Cash ?ows, debt restructuring, effect on income under bank- ruptcy and nonbankruptcy law. Rather than entering into a lengthy bankruptcy proceeding, Peltzer Manufacturing has reached agreement with its long-term creditors to restructure various loans. The restructured loans are described below.
Loan A-This debt has a principal balance of $4,000,000 and accrued interest of $80,000. Under the restructuring agreement, $500,000 of debt would be forgiven, and the balance of the amounts due would be re?nanced at a rate of 10% with monthly installment payments of $50,000 and a term of eight years. Assets with a net realizable value of $2,500,000 would also be pledged as additional security against the restructured loan.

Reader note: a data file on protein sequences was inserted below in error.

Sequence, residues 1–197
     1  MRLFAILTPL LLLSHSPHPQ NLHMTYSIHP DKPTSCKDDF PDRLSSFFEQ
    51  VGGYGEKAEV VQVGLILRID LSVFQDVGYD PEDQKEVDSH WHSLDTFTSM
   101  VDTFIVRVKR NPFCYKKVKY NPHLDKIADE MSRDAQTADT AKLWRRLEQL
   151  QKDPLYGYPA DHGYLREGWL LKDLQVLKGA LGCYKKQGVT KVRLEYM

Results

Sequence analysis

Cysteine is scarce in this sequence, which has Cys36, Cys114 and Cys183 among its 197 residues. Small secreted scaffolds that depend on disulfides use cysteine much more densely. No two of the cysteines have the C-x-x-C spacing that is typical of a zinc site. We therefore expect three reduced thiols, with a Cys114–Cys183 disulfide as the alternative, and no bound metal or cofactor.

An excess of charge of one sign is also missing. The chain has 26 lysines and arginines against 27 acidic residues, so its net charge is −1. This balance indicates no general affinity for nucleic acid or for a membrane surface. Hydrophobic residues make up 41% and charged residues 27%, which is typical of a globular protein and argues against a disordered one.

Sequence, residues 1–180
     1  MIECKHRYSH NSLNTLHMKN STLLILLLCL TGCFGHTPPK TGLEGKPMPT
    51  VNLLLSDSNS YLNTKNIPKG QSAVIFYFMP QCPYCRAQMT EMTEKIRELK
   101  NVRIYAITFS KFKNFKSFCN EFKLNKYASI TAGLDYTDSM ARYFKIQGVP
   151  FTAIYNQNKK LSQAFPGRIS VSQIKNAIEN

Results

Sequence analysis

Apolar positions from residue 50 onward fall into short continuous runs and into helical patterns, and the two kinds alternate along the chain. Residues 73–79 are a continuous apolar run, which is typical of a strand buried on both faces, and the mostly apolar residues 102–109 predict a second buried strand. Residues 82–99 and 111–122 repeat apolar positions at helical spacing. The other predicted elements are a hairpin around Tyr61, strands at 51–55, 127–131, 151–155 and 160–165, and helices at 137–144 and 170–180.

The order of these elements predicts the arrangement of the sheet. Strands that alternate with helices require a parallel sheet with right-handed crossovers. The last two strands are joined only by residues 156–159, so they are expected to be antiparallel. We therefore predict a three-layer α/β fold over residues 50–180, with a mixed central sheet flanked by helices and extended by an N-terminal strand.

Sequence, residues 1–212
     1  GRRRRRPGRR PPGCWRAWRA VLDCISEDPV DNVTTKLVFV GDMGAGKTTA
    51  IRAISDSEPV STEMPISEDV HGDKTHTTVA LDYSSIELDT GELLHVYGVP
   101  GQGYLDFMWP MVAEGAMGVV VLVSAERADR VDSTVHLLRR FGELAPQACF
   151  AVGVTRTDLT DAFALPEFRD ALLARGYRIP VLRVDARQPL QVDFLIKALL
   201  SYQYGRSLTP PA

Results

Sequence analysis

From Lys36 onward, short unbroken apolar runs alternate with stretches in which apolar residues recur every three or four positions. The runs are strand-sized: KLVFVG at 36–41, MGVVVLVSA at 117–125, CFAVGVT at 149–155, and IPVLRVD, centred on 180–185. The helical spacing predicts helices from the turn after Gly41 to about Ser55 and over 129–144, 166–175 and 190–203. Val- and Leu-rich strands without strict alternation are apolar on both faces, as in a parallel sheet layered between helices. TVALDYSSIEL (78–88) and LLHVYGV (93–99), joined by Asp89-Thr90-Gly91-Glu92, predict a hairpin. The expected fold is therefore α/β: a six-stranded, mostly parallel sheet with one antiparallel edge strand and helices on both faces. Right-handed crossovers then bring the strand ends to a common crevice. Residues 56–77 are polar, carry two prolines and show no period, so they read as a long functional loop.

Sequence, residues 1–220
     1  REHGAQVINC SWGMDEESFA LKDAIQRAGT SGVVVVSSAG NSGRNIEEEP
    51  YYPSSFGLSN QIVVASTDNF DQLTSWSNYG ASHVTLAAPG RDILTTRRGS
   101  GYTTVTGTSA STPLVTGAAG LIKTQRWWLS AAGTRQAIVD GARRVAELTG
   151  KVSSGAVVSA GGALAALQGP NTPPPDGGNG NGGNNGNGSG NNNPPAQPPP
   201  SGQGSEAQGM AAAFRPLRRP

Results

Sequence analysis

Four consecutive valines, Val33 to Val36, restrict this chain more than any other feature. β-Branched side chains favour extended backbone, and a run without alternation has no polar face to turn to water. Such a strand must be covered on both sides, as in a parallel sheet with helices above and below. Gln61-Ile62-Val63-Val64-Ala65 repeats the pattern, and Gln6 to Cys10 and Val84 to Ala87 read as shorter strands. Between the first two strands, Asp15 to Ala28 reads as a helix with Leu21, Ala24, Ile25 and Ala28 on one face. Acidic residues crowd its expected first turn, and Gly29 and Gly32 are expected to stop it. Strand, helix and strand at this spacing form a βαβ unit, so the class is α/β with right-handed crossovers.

Loan B-This debt has a principal balance of $1,000,000 and accrued interest of $25,000. Under the restructuring agreement, the accrued interest would be forgiven, and the principal amount would be exchanged for preferred stock with a par value of $500,000 and a fair value of
Loan C-This debt has a principal balance of $2,000,000 and accrued interest of $37,500. Under the restructuring agreement, the creditor would receive a parcel of land with a book value of $200,000 and a net realizable value of $250,000. The remaining unpaid balance would be re?- nanced over ?ve years at a 9% interest rate. Installment payments would be on a quarterly basis.
1. Determine the total quarterly cash out?ows that will be required by Peltzer's debt restructuring.
2. Covering the ?rst quarter subsequent to restructuring, prepare a schedule that compares the effect on Peltzer's net income of accounting for the restructuring as part of a formal bank-ruptcy ?ling versus it not being part of such a ?ling.